HuffPost reported last week that the Biden administration is considering a few unusual names for the long-delayed nomination of Administrator of the Social Security Administration. On one hand, there’s Nancy Altman, the President of Social Security Works who has fought for the economic security of seniors and Social Security recipients for years. She has written three books on the history and economics of Social Security, and currently serves on the Social Security Advisory Board, which provides oversight of the program. In other words, she is eminently qualified for the job.
On the other hand are two well-connected political insiders, both of whom Revolving Door Project has a history with: Seth Harris and Donna Shalala.
Harris is the former Acting Labor Secretary under Obama who later turned to shadow lobbying and legal work for union-busting BigLaw firms. As I wrote for the American Prospect last October, Harris is one of the intellectual architects of Prop 22, the California law which protects companies like Uber and Lyft from having to recognize their workers as full employees entitled to the minimum wage and benefits. That’s actually a Social Security issue, too: now-Interior Secretary Deb Haaland championed a bill in 2019 to require gig economy companies to pay their workers’ Social Security and Medicare taxes, since firms don’t have to pay those taxes for independent contractors (which is how gig economy firms misclassify their workers.)
Harris’ work has rarely touched on Social Security directly, but in his own words, he believes the old retirement formula of Social Security and pensions “is largely gone,” and at least part of the solution involves simply having people work longer. As he said at a Brookings Institution panel in 2019, “we should be encouraging some people to work more unless we are going to really dramatically transform the system that we have. We have transformed it. But let me also say, we’ve transformed it to favor more work, not to favor less work.”
In 2020, notably, Harris was a founding member of a research program funded by the private annuities industry. He also wrote personal finance columns for an annuity company’s website.
For her part, Shalala was a first-term Representative from Florida when the Revolving Door Project helped expose that she hadn’t filed ethics paperwork regarding her personal stock holdings, just as she was appointed to a board overseeing CARES Act funding. That funding could have benefited firms in which Shalala was invested. She ultimately, predictably, lost reelection.
What makes an unremarkable one-time Congresswoman qualified to lead one of the largest and most popular benefit programs in the federal government? Shalala’s backers point to her eight years as Bill Clinton’s Secretary of Health and Human Services. But that’s an inauspicious credential for the would-be head of a benefits program: Clinton infamously campaigned to “end welfare as we know it,” a crusade against the poor and misfortuned which utterly failed to do anything but make the government less caring to the most vulnerable, as Bryce Covert documented at the New Republic.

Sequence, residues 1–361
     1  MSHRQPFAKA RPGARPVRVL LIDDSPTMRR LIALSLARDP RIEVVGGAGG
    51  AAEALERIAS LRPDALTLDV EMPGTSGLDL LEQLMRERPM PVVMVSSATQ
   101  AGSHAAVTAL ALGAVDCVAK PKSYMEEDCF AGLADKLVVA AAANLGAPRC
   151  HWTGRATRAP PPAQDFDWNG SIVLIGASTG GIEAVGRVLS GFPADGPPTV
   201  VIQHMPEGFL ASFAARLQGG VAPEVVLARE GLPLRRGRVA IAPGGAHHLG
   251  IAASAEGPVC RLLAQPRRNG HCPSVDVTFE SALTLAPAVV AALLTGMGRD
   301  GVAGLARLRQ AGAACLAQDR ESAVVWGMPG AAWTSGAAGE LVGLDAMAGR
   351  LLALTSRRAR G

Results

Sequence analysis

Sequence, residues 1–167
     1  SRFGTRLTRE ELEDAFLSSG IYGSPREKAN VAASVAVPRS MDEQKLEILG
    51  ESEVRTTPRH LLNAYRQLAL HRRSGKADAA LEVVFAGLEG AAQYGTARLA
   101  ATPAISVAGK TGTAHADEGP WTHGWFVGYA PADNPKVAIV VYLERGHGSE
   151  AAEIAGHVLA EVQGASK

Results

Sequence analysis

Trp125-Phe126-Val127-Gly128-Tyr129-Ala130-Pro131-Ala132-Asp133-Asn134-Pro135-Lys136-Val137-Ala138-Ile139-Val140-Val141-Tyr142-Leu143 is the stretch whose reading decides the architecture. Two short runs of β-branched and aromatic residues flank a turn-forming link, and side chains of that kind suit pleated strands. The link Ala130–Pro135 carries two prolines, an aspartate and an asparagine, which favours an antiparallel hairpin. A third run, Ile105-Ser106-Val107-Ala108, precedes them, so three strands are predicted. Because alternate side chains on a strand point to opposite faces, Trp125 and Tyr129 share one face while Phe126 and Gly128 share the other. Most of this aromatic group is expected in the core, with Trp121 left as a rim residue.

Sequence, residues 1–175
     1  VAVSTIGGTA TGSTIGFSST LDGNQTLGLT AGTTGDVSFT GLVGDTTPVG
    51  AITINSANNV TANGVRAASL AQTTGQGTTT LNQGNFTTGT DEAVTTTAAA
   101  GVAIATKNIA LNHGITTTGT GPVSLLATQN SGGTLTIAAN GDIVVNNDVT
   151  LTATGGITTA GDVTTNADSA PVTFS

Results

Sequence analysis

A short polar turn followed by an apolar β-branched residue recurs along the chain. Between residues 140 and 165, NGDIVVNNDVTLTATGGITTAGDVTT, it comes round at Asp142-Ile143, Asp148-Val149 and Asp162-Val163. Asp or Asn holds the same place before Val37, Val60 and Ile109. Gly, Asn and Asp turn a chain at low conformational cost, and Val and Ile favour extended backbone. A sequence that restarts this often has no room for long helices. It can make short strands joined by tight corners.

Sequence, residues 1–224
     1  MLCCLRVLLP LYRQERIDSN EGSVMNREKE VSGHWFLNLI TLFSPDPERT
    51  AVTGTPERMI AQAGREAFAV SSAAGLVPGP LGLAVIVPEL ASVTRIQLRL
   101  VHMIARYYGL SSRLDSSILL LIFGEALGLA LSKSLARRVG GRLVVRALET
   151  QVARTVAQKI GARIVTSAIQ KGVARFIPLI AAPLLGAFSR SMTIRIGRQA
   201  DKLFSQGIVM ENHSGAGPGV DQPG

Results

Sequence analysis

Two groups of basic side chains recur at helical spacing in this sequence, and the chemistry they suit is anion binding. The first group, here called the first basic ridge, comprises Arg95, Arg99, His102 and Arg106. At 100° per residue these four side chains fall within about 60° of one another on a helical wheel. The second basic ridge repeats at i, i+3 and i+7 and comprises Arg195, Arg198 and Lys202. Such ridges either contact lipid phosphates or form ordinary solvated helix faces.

Shalala’s HHS work touched Social Security most directly when she appointed the 1994 Advisory Council on Social Security. The Advisory Council originally was the body which provided oversight of Social Security, but was later replaced by today’s Social Security Advisory Board. The bipartisan board Shalala picked ultimately came back with three different recommendations for making Social Security less generous, in the name of balancing budgets. The proposals included taxing some benefits; investing Social Security in stocks and equities; and gradually moving the system over to a set of individual investment accounts, similar to switching out a pension for a 401(k). None of these proposals were ultimately adopted.
And why should they have been? As my CEPR colleagues Dean Baker and Mark Weisbrot have demonstrated, the whole panic over baby boomers bankrupting Social Security has always been a solution (weakening the program) in search of a problem. Predictions that the system will run out of money depend on unreasonably low expectations of economic growth, and even if this unlikely outcome occurs, the shortfall would be about the same as historical increases to the U.S. military budget during times of peace.
If Shalala is under consideration for the job, though, it’s worth asking her if she’d support the kinds of moves proposed by her Advisory Council now. In any case, given a choice between someone who’s dedicated her career to fighting for Social Security recipients, a corporate ally with only a passing interest in the program, and an ethics law violator, Biden shouldn’t have a hard time choosing.